Generally speaking, however, women still tend to spend more time with children than their husbands do, and provide a greater share of the childcare. And if Friedman and Martin's conclusion is correct, that unhappiness poisons those who are, for whatever reason, trapped in its company and under its influence ... then the Understanding Society results make sense.
The Understanding Society study is only in its first year, of course, and it's not clear how much detail will be collected from each subject over time, given that the study size is so large. In any event, it will be years before the researchers can determine the long-term impact of the parents' unhappiness is on the children in the study.
But the Terman study and the first-wave survey results of the Understanding Society study both make it clear that while unhappiness itself may not what makes unhappy people sick, it might very well be toxic to the people around them. And that's regardless of what other healthy personality, lifestyle habits, or other factors those people may have going for them. Unhappiness, in other words, may be a bit like second-hand smoke. And while it may not be quite as directly lethal, it's a whole lot harder to regulate.
As Coldplay blandly strained for the universal, she and Bruno Mars pulled off something more specific and more daring.
What a perfect Beyoncésong name: “Formation.” All great pop involves people acting in formation. So does all great change. And while fans scream that Beyoncé’s a “queen” and “goddess,” her core appeal really is as a drill sergeant. With Beyoncé in command, greatness is scalable, achievable, for the collective. Everyone waves their hands to the same beat. Everyone walks around like they have hot sauce in their bag.
But in pop and in politics, “everyone” is a loaded term. Stars as ubiquitous as Beyoncé have haters, the “albino alligators” who “Formation” informs us she twirls upon. And in a more general historical sense, “everyone” can be a dangerous illusion that elevates one point of view as universal while minimizing others. Beyoncé gets all of this, it seems. As a pop star, she surely wants to have as broad a reach as possible. But as an artist, she has a specific message, born of a specific experience, meaningful to specific people. Rather than pretend otherwise, she’s going to make art about the tension implied by this dynamic. She’s going to show up to Super Bowl with a phalanx of women dressed as Black Panthers.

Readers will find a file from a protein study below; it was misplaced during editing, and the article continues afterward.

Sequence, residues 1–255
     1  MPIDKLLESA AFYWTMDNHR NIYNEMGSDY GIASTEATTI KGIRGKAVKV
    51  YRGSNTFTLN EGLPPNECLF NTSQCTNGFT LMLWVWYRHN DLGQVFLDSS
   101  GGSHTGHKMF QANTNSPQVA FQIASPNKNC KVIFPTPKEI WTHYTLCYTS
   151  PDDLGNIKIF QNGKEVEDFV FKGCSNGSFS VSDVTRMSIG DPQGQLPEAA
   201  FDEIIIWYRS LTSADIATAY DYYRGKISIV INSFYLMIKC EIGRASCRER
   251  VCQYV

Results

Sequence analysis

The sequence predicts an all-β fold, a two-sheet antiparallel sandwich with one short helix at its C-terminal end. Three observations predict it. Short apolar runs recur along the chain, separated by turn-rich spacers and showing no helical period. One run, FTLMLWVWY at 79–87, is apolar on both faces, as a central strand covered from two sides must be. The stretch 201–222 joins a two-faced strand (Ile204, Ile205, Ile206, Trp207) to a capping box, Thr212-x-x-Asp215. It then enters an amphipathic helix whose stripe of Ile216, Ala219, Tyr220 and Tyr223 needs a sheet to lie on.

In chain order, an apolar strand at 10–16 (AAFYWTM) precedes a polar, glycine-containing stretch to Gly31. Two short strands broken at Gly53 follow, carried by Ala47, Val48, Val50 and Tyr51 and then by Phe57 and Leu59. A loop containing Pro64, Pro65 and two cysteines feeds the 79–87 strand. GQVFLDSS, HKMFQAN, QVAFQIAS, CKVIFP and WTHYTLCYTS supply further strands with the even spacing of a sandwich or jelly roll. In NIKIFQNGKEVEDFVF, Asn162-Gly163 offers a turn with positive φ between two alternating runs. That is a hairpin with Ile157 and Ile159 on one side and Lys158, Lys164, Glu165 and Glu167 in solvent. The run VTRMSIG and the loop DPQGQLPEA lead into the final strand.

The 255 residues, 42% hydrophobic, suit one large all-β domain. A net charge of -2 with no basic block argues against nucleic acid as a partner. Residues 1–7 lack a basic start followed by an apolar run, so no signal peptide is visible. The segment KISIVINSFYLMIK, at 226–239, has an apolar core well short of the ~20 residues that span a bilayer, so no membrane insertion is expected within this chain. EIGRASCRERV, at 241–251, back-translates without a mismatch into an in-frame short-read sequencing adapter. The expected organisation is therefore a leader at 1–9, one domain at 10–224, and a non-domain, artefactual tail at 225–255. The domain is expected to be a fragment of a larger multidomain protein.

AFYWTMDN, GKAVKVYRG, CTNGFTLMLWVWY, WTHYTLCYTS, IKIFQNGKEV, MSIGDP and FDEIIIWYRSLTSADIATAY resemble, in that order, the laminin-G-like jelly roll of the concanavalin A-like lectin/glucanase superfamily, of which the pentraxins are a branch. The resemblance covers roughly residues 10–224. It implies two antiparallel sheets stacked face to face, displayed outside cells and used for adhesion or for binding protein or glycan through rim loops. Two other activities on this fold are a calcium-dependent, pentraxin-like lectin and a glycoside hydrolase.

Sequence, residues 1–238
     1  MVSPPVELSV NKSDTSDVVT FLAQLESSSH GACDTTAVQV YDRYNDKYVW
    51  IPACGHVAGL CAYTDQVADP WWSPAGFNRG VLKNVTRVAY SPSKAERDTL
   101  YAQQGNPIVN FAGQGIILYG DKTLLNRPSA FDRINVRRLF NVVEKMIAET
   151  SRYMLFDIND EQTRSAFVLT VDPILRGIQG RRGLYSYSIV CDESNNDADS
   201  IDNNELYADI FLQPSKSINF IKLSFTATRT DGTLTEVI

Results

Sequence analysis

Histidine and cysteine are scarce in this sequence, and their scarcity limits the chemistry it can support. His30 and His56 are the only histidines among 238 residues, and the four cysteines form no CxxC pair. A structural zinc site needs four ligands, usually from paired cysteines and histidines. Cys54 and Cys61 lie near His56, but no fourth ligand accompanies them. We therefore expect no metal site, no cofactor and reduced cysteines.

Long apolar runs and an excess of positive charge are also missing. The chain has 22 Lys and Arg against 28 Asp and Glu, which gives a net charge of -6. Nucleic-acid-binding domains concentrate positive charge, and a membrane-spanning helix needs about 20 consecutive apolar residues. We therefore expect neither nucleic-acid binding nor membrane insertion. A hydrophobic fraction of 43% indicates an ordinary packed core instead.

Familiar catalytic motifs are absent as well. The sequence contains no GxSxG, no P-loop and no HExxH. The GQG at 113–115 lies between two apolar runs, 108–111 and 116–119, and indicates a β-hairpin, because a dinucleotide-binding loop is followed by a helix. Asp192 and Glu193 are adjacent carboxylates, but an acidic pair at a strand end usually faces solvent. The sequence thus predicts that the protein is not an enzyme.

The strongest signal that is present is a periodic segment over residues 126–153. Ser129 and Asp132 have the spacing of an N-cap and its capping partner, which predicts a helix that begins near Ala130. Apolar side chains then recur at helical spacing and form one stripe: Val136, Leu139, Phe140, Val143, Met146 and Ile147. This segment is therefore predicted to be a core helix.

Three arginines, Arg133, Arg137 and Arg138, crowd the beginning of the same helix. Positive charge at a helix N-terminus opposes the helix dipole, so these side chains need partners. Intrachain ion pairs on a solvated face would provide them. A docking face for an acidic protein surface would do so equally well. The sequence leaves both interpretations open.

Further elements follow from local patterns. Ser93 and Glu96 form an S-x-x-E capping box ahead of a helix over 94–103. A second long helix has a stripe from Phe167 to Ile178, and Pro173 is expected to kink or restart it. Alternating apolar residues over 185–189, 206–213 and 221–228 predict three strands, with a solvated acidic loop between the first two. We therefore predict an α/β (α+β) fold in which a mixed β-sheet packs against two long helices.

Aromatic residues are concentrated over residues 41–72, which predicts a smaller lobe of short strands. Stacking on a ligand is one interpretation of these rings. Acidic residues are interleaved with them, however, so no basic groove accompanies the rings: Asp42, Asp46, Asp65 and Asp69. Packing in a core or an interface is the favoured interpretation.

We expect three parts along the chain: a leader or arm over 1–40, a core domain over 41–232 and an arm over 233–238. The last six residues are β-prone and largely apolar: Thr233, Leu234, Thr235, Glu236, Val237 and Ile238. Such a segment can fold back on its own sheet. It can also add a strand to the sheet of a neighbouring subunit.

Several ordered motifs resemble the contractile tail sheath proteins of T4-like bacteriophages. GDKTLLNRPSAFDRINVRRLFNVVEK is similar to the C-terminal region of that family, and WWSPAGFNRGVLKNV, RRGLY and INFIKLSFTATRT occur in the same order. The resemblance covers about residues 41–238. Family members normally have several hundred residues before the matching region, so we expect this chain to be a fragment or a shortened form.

Black poverty is fundamentally distinct from white poverty—and so cannot be addressed without grappling with racism.
There have been a number of useful entries in the weeks since Senator Bernie Sanders declared himself against reparations. Perhaps the most clarifying comes from Cedric Johnson in a piece entitled, “An Open Letter To Ta-Nehisi Coates And The Liberals Who Love Him.” Johnson’s essay offers those of us interested in the problem of white supremacy and the question of economic class the chance to tease out how, and where, these two problems intersect. In Johnson’s rendition, racism, in of itself, holds limited explanatory power when looking at the socio-economic problems which beset African Americans. “We continue to reach for old modes of analysis in the face of a changed world,” writes Johnson. “One where blackness is still derogated but anti-black racism is not the principal determinant of material conditions and economic mobility for many African Americans.”
For decades the Man of Steel has failed to find his groove, thanks to a continual misunderstanding of his strengths.
Superman should be invincible. Since his car-smashing debut in 1938, he’s starred in at least one regular monthly comic, three blockbuster films, and four television shows. His crest is recognized across the globe, his supporting cast is legendary, and anybody even vaguely familiar with comics can recount the broad strokes of his origin. (The writer Grant Morrison accomplished it in eight words: “Doomed Planet. Desperate Scientists. Last Hope. Kindly Couple.”) He’s the first of the superheroes, a genre that’s grown into a modern mass-media juggernaut.
And yet, for a character who gains his power from the light of the sun, Superman is curiously eclipsed by other heroes. According to numbers provided by Diamond Distributors, the long-running Superman comic sold only 55,000 copies a month in 2015, down from around 70,000 in 2010—a mediocre showing even for the famously anemic comic-book market. That’s significantly less than his colleague Batman, who last year moved issues at a comparatively brisk 150,000 a month. Mass media hasn’t been much kinder: The longest-running Superman television show, 2001’s Smallville, kept him out of his iconic suit for a decade. Superman Returns recouped its budget at the box office, but proved mostly forgettable.2013’s Man of Steel drew sharp criticism from critics and audiences alike for its bleak tone and rampaging finale. Trailers for the sequel, Batman v Superman: Dawn of Justice, have shifted the focus (and top billing) to the Dark Knight. Worst of all, conventional wisdom puts the blame on Superman himself. He’s boring, people say; he’s unrelatable, nothing like the Marvel characters dominating the sales charts and the box office. More than anything, he seems embarrassing. Look at him. Truth? Justice? He wears his underwear on the outside.
Will the Democratic Party nominate a candidate who hasn’t been a member of their party, and who has long denounced it?
When a party chooses its presidential candidate, it also chooses its party leader in the election. This year the Democrats face an unusual situation. Bernie Sanders isn’t just an outsider to the party establishment; he’s not even been a member of the party, and has long excoriated it in unsparing language. Although the media haven’t much focused on this history, the early signs suggest it could become a problem for Sanders in getting the nomination—and a problem for the party if he does get it.